$250,000 to $300,000 range. “If you list anything at $205,000, $208,000 or $210,000, it’s gone, with multiple offers,” she said. Even if prices are higher than they were a decade ago, the TriCities is still affordable compared to markets across the state, including nearby Walla Walla, Franklin said. Plus, “the quality of life is exceptional and it’s a relatively low cost of living,” pointed out Michael Novakovich, president of Visit Tri-Cities. Others, including U.S. Department of Energy employees who come to work at the Hanford nuclear reservation from out of state, have different markets to compare the Tri-Cities to. “Some of the people coming here have done the tour of DOE sites. They know what kind of place this is. Not only our economy, but the pace of life and cost of living; it’s a real appealing place,” said Rob Ellsworth, senior advisor with SVN | Retter & Co. in Kennewick. Novakovich said his team frequently hears common themes from those relocating to the area. “Often they’re moving here for jobs, but also because their kids or their grandkids are here. For people who moved here from the west side, they enjoy the weather, the lack of traffic, and we have a lower tax base,” he said. Added employment in construction, covering both residential and commercial building, also has continued to affect the Tri-City economy. Estimates from Ajsa Suljic, regional labor economist for the state Employment Security Department, show 10,000 employees in the metro region at work in construction. This is an increase of about 6.4 percent year over year, which was down
from a recent high of 16 percent two years ago. That number was an outlier compared to nearly 15 years of data tracking, which saw the last previous high of 13 percent in 2007. The most recent level of similar growth in construction was between 2014-15, when the number of jobs rose 6.6 percent year over year. Overall, the employment rate in construction continues an upward trajectory, outpacing Employment Security Department projections in recent years. In 2018, total non-farm employment for Benton and Franklin counties was 124,512. “Our area experienced virtually no recession,” said Franklin, which has helped lure people to the Tri-Cities even years later. Estimates from the state’s Office of Financial Management put the Tri-City metro population just a few thousand people shy of 300,000 in 2019, with twothirds of those residents concentrated in Benton County. Franklin County was the state’s fastest growing county between 2018-19, with an estimated increase of 2.31 percent, followed closely behind by Benton County at 2.22 percent. These two counties were among the three fastestgrowing counties in the state between 2018-19. In the next year, Franklin expects “flattening” home sales to be a good thing and the area to remain a seller’s market. “Two years ago, brokers were feeling unsure about what was going on. Now they’re comfortable. I think the way that they’ve adapted, and the way the public has adapted, I think things are positive now. I don’t think anybody wants to see our prices continue to go up. And we don’t want a glut of homes on the market,” Franklin said.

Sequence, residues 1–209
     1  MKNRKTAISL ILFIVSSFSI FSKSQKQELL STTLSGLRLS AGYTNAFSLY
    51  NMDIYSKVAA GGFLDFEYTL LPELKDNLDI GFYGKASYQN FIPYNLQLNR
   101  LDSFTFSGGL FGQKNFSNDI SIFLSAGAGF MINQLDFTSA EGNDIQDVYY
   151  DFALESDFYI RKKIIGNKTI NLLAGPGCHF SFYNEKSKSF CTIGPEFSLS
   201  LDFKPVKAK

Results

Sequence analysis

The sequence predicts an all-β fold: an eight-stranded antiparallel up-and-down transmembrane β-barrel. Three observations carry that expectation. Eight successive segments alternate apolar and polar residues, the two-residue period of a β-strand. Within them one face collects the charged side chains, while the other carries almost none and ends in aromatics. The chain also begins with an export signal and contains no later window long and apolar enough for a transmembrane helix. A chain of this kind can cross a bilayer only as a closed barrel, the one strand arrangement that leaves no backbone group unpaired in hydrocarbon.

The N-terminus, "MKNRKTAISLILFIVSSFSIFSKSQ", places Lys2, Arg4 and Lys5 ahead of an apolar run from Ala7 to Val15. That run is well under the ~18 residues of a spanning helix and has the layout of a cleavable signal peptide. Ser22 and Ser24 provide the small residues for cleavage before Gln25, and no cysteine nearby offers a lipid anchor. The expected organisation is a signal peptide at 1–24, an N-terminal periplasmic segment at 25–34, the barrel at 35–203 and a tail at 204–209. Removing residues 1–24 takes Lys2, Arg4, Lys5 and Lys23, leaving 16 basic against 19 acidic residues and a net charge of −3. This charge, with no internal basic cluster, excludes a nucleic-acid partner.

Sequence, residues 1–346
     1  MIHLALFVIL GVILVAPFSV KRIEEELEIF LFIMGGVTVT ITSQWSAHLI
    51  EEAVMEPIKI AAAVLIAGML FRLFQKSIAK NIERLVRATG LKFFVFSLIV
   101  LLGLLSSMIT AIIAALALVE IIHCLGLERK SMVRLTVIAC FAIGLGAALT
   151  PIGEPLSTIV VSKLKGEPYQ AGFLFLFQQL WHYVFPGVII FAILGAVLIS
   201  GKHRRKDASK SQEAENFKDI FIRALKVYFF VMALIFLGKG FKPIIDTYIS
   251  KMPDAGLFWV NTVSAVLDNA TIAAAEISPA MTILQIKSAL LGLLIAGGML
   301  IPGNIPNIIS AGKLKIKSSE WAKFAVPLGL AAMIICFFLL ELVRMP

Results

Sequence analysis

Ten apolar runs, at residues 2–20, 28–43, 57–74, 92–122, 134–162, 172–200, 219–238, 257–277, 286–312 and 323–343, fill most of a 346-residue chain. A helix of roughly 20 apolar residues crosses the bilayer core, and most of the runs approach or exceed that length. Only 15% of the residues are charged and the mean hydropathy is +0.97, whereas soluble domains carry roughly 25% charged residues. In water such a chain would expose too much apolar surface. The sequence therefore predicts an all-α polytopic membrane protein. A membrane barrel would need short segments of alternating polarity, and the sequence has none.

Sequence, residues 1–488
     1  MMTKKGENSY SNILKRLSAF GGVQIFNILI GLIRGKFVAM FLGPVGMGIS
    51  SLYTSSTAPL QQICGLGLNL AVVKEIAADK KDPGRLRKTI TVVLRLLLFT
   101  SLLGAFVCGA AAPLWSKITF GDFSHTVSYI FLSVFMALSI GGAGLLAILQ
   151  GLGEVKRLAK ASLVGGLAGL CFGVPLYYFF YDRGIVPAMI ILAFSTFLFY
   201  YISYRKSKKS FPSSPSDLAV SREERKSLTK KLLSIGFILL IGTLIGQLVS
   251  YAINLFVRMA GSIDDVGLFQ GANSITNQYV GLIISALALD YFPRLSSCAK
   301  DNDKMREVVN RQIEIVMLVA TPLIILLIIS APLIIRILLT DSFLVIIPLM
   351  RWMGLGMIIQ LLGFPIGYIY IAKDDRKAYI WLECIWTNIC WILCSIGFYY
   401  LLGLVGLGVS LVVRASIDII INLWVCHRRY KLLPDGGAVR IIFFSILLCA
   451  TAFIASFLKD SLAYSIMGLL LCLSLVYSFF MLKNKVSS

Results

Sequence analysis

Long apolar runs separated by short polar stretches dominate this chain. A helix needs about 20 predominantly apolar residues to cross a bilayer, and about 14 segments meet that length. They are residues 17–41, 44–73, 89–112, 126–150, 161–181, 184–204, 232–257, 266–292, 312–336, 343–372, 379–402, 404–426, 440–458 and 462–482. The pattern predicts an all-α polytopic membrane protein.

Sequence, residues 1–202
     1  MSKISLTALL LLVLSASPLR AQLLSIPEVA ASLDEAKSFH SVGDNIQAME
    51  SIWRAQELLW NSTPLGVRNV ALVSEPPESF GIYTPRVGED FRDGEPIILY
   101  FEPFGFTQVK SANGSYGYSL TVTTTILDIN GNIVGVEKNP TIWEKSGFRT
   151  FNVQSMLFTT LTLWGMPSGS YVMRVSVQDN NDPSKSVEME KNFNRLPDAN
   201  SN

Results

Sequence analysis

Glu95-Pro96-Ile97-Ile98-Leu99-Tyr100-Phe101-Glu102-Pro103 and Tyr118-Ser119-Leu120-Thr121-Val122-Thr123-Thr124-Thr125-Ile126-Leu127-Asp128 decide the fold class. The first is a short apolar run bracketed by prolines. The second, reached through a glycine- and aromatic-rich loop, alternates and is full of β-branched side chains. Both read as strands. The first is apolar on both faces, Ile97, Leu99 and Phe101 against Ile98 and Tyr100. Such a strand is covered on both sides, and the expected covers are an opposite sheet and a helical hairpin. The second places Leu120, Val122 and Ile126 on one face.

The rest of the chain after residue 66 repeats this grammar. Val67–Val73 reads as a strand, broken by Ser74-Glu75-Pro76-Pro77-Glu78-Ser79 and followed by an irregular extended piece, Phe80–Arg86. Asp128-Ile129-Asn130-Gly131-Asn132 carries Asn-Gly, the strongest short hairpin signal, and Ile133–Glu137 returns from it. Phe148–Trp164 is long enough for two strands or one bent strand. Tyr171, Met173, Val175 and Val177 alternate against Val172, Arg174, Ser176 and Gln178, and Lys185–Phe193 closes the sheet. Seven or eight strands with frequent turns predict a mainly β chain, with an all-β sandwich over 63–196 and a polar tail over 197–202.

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Home values rise as affordable housing options languish BY ELSIE PUIG
s Tri-City home prices climb, so does their value. In the last three years, Vicki Monteagudo, broker-owner at Century 21 Tri-Cities and NAI Tri-Cities, said she’s observed a 10.4 percent home appreciation rate. “Some areas have hit doubledigit appreciation in the last 12 months alone, especially in those more lower-end prices,” she said. The Tri-Cities ranks No. 8 among the nation's top 10 markets forecast to appreciate the most through June 2020, according to the latest projections from Veros Real Estate Solutions, a firm specializing in real estate
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valuation data. But will that trend continue? It’s doubtful, said Dave Shinabarger, president of the Tri-City Association of Realtors and a real estate agent with Smart Realtors. “Will the market turn? When will it happen and will it happen? We don’t know,” he said, “but you can’t take a rubber band and stretch it as far as we have and not expect it to snap. “We’re probably good through the summer of (2020), but if you’re considering selling your home, I wouldn’t be waiting another year, especially if you have a transitional plan like moving,” Shinabarger said. Monteagudo sees the local real estate market losing some steam